However, a few people were concerned that negative stories about care are much more likely to be told and remembered than positive stories, which means people may be frightened unnecessarily. 

 

Her care on the neurological ward was excellent. She would like to hear more positive stories...

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Age at interview: 39
Sex: Female
Age at diagnosis: 38
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I thought that, that my time on the neurology ward was excellent. I've got no complaints at all. And it seemed to work very well there. And see, observing them with other patients with neurological problems, you know it all seemed very good to me. I've obviously heard some negative points but unfortunately you only ever hear negatives. You never hear people saying about the good points so, which is quite sad really because I think for every negative you'd most probably find three or four good points of positives but no one ever sort of mentions the positive side. So because I've heard so many negatives it really makes you frightened to go into hospital as a patient with MND because they say that outside the neurological ward that people have little understanding of your needs, you know, and what you're going through. But again I, I'm keeping a, my opinion on that is going to stay neutral because I'm sure there's a, lots of positives out there that no one ever hears about. So I'm afraid I can't say anything from my own experiences. I haven't had anything really bad happen to me. I've just had positive experiences myself.

And you've had very positive communications with your GP.

Yes, yeah and with all, all, all healthcare professionals that have been related to, well or connected with I've had only positive aspects. There's nothing about it that I could say is negative at all.

When it came to staff who specialised in MND, many people were impressed with the quality and kindness of the care received. Inevitably there were also criticisms of the manner of some individuals, but most people recognised the difficulties of meeting every individual's preferences. The difficulty of getting the right balance for each person between being honest and realistic, but also being positive and reassuring, is explored especially in the sections on 'Immediate reactions to diagnosis' and 'Information needs'). One woman said, 'Be honest but tender', and a man suggested, 'Accept that people can be proud, and just be gentle with us.' Another woman said, 'Put yourselves in our shoes. Sometimes they deal with so many people and I feel we're just a name to them, because it was a devastating diagnosis for us.'

Most people were well aware that there is no immediate prospect of a cure, and that there was a limit to what professionals could do to help. They also understood that it was impossible to predict how their symptoms would progress and what their life expectancy would be. Several people suggested staff could share more openly with patients their uncertainty about how the condition would progress. Some said they could use the fact that progression is so varied and unpredictable as a positive way to offer hope. A few said they did not want to hear anything negative at all, including one man who said, “I do not wish to hear anything of the future. I don't want anything negative. I only want positive. If they have nothing else to say, better not say anything.” Others thought it was more a question of balancing the positive and the negative.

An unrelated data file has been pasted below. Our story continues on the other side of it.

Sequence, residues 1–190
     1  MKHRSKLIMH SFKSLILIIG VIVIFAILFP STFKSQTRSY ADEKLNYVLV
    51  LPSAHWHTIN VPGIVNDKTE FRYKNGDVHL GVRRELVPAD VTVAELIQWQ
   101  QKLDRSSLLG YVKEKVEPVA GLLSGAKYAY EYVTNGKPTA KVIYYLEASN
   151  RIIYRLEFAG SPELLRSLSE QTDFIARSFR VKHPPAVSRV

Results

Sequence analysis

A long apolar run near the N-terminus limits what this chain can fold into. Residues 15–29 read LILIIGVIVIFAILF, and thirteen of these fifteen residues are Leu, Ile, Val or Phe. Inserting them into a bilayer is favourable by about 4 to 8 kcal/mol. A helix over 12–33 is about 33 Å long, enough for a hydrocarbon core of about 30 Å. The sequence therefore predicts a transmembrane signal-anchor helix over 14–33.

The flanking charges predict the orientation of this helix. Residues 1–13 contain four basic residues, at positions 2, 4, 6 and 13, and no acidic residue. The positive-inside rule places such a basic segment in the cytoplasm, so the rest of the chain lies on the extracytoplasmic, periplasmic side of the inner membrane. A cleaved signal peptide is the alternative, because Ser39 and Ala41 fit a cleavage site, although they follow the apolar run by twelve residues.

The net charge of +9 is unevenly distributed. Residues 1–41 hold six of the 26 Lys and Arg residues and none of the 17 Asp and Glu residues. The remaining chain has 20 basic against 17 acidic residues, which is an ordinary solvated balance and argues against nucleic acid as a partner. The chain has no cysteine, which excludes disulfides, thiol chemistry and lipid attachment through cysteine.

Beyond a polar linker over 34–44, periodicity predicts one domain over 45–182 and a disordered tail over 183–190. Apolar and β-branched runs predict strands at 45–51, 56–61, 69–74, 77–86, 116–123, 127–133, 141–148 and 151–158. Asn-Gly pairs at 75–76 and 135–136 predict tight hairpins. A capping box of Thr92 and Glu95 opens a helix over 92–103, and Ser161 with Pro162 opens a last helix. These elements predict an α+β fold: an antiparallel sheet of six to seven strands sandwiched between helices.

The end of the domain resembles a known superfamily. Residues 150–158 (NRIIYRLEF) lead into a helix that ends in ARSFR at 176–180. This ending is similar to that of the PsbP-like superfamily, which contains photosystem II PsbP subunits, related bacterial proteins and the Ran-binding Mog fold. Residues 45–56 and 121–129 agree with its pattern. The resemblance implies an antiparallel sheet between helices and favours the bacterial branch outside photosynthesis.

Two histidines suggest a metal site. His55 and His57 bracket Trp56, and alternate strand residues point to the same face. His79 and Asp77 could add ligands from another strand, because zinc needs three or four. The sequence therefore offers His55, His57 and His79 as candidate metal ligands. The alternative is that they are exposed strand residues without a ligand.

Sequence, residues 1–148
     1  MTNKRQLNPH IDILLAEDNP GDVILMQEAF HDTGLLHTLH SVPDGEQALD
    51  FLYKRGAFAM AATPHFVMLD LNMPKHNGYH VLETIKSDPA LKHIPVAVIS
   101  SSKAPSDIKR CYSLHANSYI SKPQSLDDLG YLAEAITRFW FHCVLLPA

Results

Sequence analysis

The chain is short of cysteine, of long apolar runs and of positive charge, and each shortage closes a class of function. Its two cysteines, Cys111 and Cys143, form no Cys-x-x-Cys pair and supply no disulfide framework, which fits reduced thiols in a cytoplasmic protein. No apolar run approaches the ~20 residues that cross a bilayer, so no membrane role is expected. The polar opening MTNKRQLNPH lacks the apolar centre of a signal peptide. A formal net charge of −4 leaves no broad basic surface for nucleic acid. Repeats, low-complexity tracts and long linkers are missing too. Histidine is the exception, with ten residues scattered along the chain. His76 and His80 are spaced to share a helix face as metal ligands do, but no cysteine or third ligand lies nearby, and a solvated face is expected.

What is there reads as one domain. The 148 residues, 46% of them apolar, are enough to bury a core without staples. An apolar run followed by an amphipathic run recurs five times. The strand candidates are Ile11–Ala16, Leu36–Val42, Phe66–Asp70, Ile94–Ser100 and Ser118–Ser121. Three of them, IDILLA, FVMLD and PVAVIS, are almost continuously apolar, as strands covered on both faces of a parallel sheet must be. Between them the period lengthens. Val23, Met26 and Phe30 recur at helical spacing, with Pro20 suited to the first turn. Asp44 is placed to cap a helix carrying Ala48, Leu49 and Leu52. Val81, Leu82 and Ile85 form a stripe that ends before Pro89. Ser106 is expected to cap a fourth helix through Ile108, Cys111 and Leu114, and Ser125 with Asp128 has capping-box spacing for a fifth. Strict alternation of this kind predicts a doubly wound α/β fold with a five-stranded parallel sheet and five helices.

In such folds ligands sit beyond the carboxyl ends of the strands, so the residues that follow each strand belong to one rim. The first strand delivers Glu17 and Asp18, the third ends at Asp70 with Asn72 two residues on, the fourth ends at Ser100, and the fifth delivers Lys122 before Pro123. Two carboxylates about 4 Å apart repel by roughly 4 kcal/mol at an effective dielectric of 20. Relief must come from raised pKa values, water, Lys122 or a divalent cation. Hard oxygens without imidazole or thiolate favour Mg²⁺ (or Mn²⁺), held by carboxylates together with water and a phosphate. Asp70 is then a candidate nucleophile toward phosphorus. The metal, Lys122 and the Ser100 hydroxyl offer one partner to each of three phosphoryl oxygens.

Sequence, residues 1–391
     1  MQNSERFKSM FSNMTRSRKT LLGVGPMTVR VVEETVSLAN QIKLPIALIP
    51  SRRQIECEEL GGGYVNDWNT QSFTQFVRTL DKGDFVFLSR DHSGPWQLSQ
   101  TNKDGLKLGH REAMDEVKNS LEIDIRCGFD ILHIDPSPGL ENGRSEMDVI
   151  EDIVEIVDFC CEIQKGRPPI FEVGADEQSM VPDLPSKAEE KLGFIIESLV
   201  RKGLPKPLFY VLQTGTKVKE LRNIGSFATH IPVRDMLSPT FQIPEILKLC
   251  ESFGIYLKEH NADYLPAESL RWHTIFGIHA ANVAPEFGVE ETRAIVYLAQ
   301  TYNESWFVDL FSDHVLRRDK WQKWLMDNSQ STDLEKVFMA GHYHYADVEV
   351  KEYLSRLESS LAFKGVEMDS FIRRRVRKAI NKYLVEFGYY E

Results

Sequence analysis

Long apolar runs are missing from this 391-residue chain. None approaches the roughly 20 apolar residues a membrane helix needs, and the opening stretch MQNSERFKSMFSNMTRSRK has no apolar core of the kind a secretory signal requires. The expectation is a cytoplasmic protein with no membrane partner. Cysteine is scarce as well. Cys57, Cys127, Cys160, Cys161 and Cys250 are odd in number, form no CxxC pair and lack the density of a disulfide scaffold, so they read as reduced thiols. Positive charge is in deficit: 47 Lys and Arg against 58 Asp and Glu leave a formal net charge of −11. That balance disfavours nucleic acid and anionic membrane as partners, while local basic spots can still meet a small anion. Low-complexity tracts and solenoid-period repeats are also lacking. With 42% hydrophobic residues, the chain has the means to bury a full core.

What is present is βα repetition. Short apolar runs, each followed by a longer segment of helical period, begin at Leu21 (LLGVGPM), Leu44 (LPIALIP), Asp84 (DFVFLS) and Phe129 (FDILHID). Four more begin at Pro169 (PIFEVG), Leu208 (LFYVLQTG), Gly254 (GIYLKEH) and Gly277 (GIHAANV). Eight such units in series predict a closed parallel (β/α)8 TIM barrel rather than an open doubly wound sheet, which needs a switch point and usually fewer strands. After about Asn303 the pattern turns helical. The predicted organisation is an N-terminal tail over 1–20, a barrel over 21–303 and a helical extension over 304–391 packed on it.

She suggests professionals need to give people 'good facts as well as bad facts', because people...

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Age at interview: 66
Sex: Female
Age at diagnosis: 65
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Well, I think with regard to professionals, I agree that you should spell it out and say exactly what the condition is, but also give people a bit of a lift and say, 'It could plateau. You could be like Stephen Hawkings. It's not all doom and gloom. And you just don't know.' Because you've got to have something to cling on to, to think, 'Well, you know, it could take five years, ten years.' But you've also got to have the facts that it could be one year or two years, or whatever. So I think I've always wanted the facts, but you've got to have good facts as well as bad facts. And I would say the same to any other MND sufferers who've just been diagnosed. You don't know, nobody knows what's going to happen. And cling on to the things that it might not happen. And there is so much help out there, and everybody's so lovely. They're all really kind, lovely people, caring people. So there is a lot of help. And just cling on to little rays of hope, really. Because you just don't know. And at the beginning I did get very low [door closing], because it was all doom and gloom. But then as time goes on you think, 'Well, there could be a plateau, there could be a cure.' You just don't know.

 

He feels staff should offer newly diagnosed people positive suggestions for what they can do to...

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Age at interview: 56
Sex: Male
Age at diagnosis: 53
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Edited text prepared by Peter